Last Friday the Cornell University Republicans endorsed Libertarian Gary Johnson for president, calling him "the true conservative in this election" and saying "this election's unprecedented nature has made blind commitment to our Party unpalatable." But blind commitment is what political parties are all about, so the very next day the New York Federation of College Republicans decertified the Cornell chapter, insisting that you cannot be a true Republican if you aren't willing to swallow the steaming pile of shit that is Donald Trump.
"Clubs are within their right not to endorse certain candidates within the party and decide to reallocate their resources down the ballot," the state federation explained on Facebook. "What is unacceptable, however, is using a party-affiliated organization as a tool to support another party's candidate in an election, whomever that candidate may be and whatever office the election may be for."
The Cornell group saw things differently, imagining that principles are more important than mindless partisan cheerleading:
Our organization does not solely represent the Republican Party. Our first responsibility is to our members: libertarians, moderates, neoconservatives, and everyone in between. We value our ideological diversity and welcome differing perspectives.
This election's unprecedented nature has made blind commitment to our Party unpalatable. The Cornell Republicans cannot, in good faith, endorse our party's nominee. Mr. Trump should not be the face of American conservatism. Instead, we are proud to endorse the true conservative in this election: Gary Johnson.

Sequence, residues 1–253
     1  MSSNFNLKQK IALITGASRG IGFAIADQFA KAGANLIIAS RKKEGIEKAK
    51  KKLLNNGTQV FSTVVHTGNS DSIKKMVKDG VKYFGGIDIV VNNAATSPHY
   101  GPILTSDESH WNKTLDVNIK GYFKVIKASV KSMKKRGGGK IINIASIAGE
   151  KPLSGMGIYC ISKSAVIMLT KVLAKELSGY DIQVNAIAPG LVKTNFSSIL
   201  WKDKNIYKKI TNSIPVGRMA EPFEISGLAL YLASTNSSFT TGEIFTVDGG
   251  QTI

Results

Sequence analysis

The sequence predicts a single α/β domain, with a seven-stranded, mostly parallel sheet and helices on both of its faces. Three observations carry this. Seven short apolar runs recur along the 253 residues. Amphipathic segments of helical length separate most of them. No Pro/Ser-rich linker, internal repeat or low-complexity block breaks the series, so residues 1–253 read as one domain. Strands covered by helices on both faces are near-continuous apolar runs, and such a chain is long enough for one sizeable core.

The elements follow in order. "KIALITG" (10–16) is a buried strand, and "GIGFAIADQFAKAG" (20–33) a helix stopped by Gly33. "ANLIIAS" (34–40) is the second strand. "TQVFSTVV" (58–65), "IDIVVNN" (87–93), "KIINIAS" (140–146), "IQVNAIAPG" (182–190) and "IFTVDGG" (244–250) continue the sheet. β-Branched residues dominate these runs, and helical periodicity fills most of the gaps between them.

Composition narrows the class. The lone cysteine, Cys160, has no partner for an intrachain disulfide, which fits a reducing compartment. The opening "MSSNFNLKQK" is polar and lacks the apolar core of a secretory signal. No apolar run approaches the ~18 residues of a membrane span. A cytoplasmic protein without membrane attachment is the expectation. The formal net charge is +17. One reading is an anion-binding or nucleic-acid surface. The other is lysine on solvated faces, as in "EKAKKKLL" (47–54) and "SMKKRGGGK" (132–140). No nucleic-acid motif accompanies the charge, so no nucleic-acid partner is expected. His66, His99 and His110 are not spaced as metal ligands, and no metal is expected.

Governor Johnson's commitment to fiscal conservatism is unparalleled. Governing a blue state, he shrunk the size of the government, balanced the state's budget, and never increased taxes. While we do not agree with all of his positions, we firmly support his devotion to free trade, states' rights, and other conservative principles.
His straight candor and polite conduct contrast with Mr. Trump's visceral rhetoric and angry demeanor. When Mr. Trump insults our war heroes, Governor Johnson enjoys high support among active-duty troops. When Secretary Clinton refuses to meet the press, Governor Johnson fields questions on his policy record. He offers real solutions to our country's problems. Joined by Bill Weld, the former Republican governor of Massachusetts, the Libertarian ticket offers experienced, conservative solutions based on ideas of the free market and limited government.
Gary Johnson recently polled as high as 11%. If we can help him reach 15% in the next few weeks, he can debate Hillary Clinton and Donald Trump and every American will see that he is the rational choice for office. No one wants to vote for the lesser of two evils. Together, let's stand on the right side of history.
This defection reflects not just Trump's odiousness but Johnson's strong appeal among young adults. An Investor's Business Daily/TIPP poll completed on September 1 put his support among 18-to-24-year-olds at 33 percent, far ahead of Trump's (17 percent) or Green Party nominee Jill Stein's (13 percent) and close to Hillary Clinton's (37 percent). In other words, Johnson was about twice as popular as Trump in this age group. Inside Higher Ed, which noted the Cornell controversy, reports that "Republican groups at campuses including Harvard, Penn State and Princeton Universities have decided not to endorse" Trump, while "the College Republicans at the University of Virginia are deliberating whether they will do so."
[Thanks to Ken Costantino for the tip.]